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New Tool For The Cache Hunter

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I scanned the brochure and it looks to be an X-Ray imager only -- that is, no spectroscopy to identify elemental composition.


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The hard part of this particular item seems be locating the price.   Its seems to be a closely guarded secret.   I'm hesitant to make contact as I'm not particularly wanting all the email spam and phone calls that will become a part of my everyday life from making contact with the company.  

One of the key attributes of the Whites V3 is its ability to search walls and floors and identify whats behind them.  All the normal metal in the wall or a floor has a V3 spectra-graph signature.   You can easily map a wall or a floor, or a ceiling for that matter, and locate any metallic anomalies.   However you can't actually see the object.   But this can actually show you, and not only show metallic items but non-metallic items as well.   This is a huge jump forward for those treasure hunters who are into structures if they could swing the price.

I'm not sure how well it might do in looking at dirt.  I'd imagine well enough to search the top two to five inches of grass root depth, maybe.  






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So we put it on a little plastic sled to pull around the park. Aim a small wireless camera at the screen to send to cell phone. But something tells me it costs more than my Time Ranger Pro!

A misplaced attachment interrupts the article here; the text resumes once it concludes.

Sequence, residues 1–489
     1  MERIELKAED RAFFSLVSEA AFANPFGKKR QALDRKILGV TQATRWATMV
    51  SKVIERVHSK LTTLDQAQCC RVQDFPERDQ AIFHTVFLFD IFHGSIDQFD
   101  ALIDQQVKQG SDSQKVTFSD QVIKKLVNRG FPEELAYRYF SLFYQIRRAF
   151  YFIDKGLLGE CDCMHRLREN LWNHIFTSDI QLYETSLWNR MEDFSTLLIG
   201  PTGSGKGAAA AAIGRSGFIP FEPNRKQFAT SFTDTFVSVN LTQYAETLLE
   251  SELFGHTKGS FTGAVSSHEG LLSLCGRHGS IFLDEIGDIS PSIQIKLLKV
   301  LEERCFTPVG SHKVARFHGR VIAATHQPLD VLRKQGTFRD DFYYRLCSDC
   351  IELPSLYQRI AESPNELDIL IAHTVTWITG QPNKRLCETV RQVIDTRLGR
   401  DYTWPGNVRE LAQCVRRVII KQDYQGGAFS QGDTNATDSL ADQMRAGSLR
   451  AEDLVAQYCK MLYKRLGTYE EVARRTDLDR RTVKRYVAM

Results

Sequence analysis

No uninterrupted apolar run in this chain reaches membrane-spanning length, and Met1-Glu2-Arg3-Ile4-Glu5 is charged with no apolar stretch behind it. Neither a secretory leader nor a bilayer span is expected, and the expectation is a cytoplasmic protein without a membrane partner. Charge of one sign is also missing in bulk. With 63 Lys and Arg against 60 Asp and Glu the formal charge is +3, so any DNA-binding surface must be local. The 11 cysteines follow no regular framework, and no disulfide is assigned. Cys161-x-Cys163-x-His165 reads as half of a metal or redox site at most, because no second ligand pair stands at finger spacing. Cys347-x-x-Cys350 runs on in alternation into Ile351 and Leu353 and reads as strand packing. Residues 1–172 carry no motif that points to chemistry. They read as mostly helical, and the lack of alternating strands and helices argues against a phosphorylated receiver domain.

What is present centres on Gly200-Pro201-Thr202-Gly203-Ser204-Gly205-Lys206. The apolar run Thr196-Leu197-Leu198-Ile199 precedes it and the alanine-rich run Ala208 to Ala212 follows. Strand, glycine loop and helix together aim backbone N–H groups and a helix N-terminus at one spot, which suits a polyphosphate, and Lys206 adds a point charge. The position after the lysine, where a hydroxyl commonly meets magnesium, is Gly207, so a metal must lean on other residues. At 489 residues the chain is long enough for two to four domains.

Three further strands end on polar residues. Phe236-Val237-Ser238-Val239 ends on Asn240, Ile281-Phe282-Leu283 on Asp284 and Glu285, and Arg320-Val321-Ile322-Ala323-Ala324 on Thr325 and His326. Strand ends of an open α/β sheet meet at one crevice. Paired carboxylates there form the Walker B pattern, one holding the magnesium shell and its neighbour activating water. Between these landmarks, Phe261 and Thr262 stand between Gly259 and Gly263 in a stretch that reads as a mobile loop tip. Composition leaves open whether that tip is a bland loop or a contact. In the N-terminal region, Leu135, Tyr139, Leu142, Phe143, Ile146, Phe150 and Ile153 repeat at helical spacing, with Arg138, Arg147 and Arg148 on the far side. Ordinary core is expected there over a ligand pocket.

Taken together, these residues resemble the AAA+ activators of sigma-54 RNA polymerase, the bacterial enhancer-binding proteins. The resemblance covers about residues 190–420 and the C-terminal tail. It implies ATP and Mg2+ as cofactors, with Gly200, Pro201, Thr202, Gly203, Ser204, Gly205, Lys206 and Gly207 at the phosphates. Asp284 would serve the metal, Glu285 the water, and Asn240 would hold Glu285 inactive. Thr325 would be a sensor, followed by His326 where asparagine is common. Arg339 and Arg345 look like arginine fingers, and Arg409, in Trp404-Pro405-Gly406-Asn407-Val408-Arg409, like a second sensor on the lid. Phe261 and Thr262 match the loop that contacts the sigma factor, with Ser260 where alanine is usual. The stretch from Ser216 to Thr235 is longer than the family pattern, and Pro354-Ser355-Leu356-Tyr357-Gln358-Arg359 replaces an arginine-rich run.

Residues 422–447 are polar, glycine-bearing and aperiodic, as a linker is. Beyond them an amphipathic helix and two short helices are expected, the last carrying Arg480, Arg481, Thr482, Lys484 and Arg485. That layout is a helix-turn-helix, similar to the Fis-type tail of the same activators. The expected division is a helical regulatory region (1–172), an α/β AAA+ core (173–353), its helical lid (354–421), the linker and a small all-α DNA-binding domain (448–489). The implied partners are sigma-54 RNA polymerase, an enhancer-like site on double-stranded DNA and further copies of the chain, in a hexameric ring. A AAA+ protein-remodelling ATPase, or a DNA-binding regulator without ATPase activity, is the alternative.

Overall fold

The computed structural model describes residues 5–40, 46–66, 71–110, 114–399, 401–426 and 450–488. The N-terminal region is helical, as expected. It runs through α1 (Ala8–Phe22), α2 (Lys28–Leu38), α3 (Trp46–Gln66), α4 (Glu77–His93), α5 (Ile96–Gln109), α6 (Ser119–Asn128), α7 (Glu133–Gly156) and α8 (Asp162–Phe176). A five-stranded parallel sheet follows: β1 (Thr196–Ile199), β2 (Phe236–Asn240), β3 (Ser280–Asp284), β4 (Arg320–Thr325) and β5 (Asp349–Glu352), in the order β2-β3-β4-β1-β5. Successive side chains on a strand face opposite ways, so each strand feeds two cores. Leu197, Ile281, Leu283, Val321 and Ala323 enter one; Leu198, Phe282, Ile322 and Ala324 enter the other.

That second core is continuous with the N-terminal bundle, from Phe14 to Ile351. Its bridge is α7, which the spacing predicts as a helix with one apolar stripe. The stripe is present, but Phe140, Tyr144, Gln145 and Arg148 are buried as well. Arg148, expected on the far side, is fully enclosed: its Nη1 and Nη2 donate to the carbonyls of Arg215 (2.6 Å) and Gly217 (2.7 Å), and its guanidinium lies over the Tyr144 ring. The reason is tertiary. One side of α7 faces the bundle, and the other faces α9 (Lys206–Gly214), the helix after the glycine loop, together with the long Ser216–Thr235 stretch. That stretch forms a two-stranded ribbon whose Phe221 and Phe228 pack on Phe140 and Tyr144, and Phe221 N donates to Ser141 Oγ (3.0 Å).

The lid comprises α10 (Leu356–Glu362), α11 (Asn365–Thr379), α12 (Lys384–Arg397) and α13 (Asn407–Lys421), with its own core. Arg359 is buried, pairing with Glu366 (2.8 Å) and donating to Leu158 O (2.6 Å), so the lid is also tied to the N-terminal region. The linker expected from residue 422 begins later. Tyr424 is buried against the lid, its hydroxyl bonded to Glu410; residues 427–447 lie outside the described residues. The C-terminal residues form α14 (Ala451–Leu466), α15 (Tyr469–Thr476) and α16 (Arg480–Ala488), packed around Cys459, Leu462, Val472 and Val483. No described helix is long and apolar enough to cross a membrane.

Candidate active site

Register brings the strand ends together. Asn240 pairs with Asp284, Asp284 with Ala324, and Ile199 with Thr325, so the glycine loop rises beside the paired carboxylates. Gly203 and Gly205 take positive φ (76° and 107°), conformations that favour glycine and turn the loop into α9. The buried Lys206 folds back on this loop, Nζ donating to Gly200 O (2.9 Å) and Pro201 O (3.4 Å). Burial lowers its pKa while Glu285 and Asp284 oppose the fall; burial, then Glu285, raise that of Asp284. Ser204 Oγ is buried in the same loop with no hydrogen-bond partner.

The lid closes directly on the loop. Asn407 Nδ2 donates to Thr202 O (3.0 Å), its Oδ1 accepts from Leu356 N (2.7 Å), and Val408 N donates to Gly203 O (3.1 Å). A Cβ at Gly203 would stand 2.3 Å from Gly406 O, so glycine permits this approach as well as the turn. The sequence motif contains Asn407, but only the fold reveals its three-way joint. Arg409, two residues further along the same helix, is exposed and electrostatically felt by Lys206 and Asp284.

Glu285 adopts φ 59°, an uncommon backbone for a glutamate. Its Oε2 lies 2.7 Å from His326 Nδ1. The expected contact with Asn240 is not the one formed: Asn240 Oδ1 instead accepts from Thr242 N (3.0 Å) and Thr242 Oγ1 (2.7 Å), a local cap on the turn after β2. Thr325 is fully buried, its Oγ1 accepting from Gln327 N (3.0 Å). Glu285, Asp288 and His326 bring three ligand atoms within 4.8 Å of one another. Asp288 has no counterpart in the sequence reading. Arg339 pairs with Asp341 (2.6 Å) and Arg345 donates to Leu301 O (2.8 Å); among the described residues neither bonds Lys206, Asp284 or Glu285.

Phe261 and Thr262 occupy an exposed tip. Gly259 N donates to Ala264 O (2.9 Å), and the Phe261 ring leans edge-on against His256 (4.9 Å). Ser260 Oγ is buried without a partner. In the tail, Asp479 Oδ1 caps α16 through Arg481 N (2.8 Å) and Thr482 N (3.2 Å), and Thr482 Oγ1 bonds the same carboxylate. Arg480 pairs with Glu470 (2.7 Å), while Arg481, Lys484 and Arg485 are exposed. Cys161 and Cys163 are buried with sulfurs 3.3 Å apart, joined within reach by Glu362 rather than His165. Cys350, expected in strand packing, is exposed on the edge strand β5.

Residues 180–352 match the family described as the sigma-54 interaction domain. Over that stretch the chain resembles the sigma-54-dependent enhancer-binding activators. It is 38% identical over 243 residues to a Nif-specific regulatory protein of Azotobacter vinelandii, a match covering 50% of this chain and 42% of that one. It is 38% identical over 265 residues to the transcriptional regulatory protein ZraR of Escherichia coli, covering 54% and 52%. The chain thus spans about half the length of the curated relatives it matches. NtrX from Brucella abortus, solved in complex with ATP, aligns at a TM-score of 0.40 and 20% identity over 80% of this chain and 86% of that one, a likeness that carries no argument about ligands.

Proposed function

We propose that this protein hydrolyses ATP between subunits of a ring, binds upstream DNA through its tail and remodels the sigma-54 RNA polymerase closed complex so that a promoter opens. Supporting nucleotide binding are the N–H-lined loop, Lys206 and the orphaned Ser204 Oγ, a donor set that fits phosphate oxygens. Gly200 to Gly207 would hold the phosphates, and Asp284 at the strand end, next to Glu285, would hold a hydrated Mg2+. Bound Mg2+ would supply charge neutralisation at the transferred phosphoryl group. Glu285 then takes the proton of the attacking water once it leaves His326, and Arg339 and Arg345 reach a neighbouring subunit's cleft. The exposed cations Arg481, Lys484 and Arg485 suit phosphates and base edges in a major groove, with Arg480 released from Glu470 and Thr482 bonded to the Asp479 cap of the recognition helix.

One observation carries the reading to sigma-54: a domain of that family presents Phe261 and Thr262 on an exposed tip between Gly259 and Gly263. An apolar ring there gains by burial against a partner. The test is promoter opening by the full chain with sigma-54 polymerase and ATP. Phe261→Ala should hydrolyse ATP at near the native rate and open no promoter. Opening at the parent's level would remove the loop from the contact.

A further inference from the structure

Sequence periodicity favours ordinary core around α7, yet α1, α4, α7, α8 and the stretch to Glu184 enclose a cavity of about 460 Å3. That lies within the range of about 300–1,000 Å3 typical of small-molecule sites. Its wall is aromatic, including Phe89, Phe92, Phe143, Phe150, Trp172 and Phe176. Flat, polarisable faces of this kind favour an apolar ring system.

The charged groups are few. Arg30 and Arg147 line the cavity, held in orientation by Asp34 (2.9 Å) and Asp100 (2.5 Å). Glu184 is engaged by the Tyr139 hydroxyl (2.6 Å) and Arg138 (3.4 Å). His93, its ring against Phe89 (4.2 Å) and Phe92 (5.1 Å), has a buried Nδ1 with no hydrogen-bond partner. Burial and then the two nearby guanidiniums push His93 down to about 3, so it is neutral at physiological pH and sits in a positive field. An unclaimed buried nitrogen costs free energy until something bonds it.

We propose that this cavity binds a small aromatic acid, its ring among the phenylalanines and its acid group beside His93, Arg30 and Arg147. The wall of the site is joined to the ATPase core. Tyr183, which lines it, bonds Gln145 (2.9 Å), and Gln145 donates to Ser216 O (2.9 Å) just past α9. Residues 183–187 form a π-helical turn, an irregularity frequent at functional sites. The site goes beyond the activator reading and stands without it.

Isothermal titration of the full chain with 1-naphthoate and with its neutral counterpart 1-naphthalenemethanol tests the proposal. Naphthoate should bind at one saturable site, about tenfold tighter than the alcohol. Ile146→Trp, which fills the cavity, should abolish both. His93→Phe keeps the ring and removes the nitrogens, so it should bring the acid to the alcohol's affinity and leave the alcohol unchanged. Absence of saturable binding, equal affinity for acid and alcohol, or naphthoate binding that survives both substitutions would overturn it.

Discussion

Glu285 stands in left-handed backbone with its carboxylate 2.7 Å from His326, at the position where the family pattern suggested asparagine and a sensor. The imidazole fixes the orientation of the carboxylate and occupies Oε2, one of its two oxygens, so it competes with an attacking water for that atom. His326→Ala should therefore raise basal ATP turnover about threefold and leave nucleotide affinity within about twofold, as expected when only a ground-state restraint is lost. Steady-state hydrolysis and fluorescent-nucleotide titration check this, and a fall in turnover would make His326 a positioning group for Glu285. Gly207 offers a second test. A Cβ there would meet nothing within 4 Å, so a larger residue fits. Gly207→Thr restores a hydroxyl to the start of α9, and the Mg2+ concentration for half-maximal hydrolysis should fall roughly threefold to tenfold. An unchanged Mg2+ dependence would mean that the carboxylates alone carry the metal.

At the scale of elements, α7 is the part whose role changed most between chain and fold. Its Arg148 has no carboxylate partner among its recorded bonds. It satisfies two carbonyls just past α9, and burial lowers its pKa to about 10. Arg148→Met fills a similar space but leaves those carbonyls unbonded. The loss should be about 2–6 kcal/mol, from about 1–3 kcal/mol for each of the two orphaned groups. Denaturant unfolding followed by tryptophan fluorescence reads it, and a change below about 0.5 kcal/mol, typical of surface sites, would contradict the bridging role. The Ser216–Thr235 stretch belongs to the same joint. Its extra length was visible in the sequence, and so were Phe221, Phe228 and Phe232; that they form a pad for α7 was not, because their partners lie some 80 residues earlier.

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1 hour ago, Mike Hillis said:

I'm not sure how well it might do in looking at dirt.

I misunderstood your original excitement.  I see now you really do want an imager.  Here's quick-and-dirty Back-of-the-Envelope (BoE) approximation.  The brochure (your link) has a table for the penetration depth in various materials which I reproduce here:


Fortunately (according to a Google search) the specific gravity of dirt is around 2.65, which is quite close to pure aluminum at 2.7 with its common alloys typically 2.8 --> 3.0.  Another nice thing is that with the energies of the X-rays in this device, materials made up of low atomic number elements, which Aluminum, Oxygen, and Silicon all qualify, as do plant matter constituents that might be in the dirt, other attenuation processes that depend upon more than just density aren't relevant.  What I'm saying is that density alone is the dominant component of penetration depth.

Unfortunately the table says only about half an inch penetration through aluminum so unless the soil is considerably less dense (in which case you can possibly find another match in the table) I don't think you can peer much deeper into the ground than 0.5 to 1 inch.

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We are just dreaming anyway, though peat based loam is considerably less dense than normal soils. Another related subject is normal fishfinders and advanced acoustic devices. They can penetrate bottom sediments for some distance and could possibly see small gold items at shallow depth in beach sand. Gold being denser would present better than aluminum to such a device. https://personalpages.manchester.ac.uk/staff/neil.mitchell/sonar/pen.html



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